I have always preferred warm weather over cold, salt water over fresh, and diving over just about everything else. So I could barely contain my excitement as I headed from Central Illinois to Key Largo for the summer. After just a few weeks of interning with Reef Environmental Education Foundation, I felt I had found my niche. It’s not just the location, weather, and diving that suit me, but also the passionate people I have met and the valuable work I have been doing.
My fellow REEF interns Alex, Alexis, and Catie
My weeks are split between the field and the office. While the field definitely creates more excitement, the office work is just as important. I have been dedicating large amounts of my time in the office prepping for REEF Fest! REEF fest is our 20th Anniversary Celebration held August 8th-11th filled with diving, free seminars, and nightly social events that will attract divers from across the country. I am so proud to be a part of such an exciting time in REEF history, and with this on top of the lionfish derby series, things do not get boring around the office.
Days in the field are just as productive, but in a very different way. As a REEF intern we have the amazing opportunity of diving with local dive shops at no cost, in order to conduct fish surveys and teach as many divers as possible about REEF. When I head out on a boat for the day, I find myself surrounded by others who are passionate about the underwater world and interested in the knowledge I can share with them. I gladly point out some common species from my underwater fish ID booklet, and love to discuss all of the fish sighted after the dive. It quickly becomes a game, as people describe the fish they saw and I try to ID it from memory or my handy ID book. Many divers on the boat may have never heard of REEF before, so each day out usually means a handful of new REEF members!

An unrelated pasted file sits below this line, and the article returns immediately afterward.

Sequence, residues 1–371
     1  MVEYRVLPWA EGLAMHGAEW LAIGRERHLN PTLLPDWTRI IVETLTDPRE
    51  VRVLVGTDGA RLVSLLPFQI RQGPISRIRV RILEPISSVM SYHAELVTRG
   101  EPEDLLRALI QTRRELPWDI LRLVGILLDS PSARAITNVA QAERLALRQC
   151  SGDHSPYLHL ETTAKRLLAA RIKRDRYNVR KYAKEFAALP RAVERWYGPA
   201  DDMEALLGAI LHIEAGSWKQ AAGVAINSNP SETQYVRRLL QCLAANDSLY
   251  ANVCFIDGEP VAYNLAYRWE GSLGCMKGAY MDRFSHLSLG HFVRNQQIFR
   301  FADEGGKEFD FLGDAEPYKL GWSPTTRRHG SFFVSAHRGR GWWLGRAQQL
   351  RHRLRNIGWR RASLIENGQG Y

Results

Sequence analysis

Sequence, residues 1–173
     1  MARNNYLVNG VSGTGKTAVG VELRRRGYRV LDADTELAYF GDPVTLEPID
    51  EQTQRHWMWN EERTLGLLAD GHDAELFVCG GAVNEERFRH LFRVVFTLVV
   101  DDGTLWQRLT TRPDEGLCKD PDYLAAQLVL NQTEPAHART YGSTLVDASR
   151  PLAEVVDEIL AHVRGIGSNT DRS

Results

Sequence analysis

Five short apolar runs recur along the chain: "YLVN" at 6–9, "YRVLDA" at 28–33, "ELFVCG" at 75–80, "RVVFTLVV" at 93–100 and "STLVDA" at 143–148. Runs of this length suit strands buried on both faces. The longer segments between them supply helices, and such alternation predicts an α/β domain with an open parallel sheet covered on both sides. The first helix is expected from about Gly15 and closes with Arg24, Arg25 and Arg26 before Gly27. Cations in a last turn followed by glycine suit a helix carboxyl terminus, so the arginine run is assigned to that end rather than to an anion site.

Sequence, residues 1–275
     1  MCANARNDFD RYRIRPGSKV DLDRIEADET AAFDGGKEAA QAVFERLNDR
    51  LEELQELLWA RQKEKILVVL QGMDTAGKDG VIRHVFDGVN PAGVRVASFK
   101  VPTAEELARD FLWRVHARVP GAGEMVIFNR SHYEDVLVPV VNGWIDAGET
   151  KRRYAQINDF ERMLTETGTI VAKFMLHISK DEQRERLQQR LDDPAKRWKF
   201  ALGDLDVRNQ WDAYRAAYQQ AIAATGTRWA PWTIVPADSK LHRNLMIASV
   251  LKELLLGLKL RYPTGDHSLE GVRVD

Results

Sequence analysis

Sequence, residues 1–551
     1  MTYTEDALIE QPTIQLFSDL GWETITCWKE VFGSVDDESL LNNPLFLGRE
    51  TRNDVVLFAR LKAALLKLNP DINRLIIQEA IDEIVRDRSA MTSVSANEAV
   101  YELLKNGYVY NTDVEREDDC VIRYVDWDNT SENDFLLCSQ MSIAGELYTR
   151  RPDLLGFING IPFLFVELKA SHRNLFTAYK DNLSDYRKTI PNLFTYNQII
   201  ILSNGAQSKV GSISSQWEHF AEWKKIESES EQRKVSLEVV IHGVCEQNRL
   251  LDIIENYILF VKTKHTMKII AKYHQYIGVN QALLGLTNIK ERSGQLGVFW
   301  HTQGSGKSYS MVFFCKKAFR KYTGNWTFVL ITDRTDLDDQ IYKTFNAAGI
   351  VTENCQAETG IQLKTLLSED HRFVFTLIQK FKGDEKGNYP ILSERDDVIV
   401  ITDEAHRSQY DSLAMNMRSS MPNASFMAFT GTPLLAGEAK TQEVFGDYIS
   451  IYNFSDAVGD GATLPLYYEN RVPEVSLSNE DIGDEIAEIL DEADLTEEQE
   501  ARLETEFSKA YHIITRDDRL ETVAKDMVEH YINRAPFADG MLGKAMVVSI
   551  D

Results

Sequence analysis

A beautiful French Angelfish
I have also had the privilege in assisting with lionfish research! We visit different dive sights in the area, and using transects, record and measure the lionfish, grouper, and lobster found at each location. Now this may not sound too tricky, but most of these sights are only marked by a small pole in about 60ft of water. Add a strong current and poor visibility, and your day of research diving may be a loss. One site, the notorious W-8, had not been found during the previous round of surveys. The search took time, and many attempts, but W-8 was found and we couldn’t have been happier…. especially because the sea got the best of us that day. Lets just say our big breakfast wasn’t the best idea.
The “We Found W-8” Celebration
A lionfish Speared during research
Finally, through the amazing opportunities I get with REEF, I have been able to obtain my rescue diver certification and enriched air certification. I am so glad that I can continue my dive education, and can’t wait for the next step: Dive Master!